Planning for the Thirty Meter Telescope began in 2000, when astronomers began considering the construction of telescopes that measured more than 20 meters in diameter. In time, the University of California and Caltech began conducting a series of studies, which would eventually culminate in the plans for the TMT. Site proposals also began to be considered by the TMT board, which led to the selection of Mauna Kea in 2009.
However, after opposition and protests halted construction on three occasions – on Oct. 14th, 2014, then again on April 2th and June 24th of 2015 – the State Supreme Court of Hawaii invalidated the TMT’s building permits. Since that time, multiple polls have been conducted to gauge public support for the project. Whereas a previous one, which was conducting in Oct. 2015, indicated that 59% of Big Island residents supported it (and 39% opposed it) the most recent poll yielded different results.
This poll, which was conducted in July of 2016 by Honolulu-based Ward Research, Inc. shows that 60% of Big Island residents now support moving ahead with construction, while 31% remain opposed. While not a huge change, it does indicate that support for the project now outweighs opposition by a 2 to 1 margin since the last time residents were asked, roughly nine months ago.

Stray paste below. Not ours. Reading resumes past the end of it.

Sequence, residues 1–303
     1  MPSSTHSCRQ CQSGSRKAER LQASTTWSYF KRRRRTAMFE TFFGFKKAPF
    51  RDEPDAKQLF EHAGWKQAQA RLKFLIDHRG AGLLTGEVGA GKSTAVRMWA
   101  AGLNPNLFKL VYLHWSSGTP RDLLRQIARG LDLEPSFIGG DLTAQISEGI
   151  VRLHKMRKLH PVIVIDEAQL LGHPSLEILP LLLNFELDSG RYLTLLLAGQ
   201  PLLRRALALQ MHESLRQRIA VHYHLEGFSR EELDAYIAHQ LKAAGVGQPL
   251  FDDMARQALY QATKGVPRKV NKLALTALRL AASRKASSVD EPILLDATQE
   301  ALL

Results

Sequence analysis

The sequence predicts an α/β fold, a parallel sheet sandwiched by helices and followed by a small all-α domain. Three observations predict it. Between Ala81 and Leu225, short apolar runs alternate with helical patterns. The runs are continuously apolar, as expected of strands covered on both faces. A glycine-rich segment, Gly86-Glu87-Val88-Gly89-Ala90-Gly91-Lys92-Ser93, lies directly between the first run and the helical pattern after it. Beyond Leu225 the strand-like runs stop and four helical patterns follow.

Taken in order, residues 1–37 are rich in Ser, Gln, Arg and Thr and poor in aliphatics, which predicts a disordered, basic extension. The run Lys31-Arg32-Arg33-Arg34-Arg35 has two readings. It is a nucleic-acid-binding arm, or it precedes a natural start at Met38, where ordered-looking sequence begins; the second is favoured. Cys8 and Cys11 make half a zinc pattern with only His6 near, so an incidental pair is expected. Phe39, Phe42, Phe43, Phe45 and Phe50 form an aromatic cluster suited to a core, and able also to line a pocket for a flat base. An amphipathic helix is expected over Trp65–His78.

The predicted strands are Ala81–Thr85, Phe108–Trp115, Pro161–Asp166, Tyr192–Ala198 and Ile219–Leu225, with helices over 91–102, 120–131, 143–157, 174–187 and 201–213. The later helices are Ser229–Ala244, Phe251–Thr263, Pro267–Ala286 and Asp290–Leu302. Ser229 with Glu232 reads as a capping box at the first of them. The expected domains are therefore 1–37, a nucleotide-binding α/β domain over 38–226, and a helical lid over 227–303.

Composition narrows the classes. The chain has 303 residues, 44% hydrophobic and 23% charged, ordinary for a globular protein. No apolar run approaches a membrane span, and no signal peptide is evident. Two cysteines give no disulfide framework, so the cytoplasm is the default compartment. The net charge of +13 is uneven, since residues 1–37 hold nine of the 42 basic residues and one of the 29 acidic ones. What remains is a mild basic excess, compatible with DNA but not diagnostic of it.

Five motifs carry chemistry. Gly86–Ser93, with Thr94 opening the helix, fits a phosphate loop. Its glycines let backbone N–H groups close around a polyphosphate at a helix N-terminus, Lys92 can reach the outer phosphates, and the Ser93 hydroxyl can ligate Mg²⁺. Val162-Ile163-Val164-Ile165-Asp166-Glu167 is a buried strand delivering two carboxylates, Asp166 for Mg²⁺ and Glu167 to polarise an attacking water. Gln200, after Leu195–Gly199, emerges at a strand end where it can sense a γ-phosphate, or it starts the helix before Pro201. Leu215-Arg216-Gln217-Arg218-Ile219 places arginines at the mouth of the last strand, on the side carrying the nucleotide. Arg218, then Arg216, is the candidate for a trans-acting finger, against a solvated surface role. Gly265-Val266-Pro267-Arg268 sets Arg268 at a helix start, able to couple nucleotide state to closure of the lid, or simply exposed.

The first poll surveyed 613 Hawaii Big Island residents, aged 18 years and older and from a variety of backgrounds. The most recent poll surveyed 404 Hawaii residents at least 18 years old via both cellphone and landline (with a margin of error of plus or minus 4.9 percent).
The recent poll also indicated that the majority of respondents, ranging from 66% to 76%, believe that TMT will provide economic and educational opportunities, and that not moving forward would be bad for the island and its residents. Also of interest was the fact that support for TMT’s construction was split among Indigenous Hawaiians, with 46 percent of those polled in support and 45 percent opposed.
As Ed Stone, the TMT Executive Director, said of the results in a recent press release:
“It was important for us to understand how Hawaii Island residents feel about the project, and the latest poll results demonstrate that opposition to TMT on Hawaii Island is decreasing. That’s significant and we are most grateful that the community’s support of the project remains high. The findings also show that the general public on Hawaii Island understands the benefits TMT will bring in terms of Hawaii’s economy and education, both of which are very important to TMT.”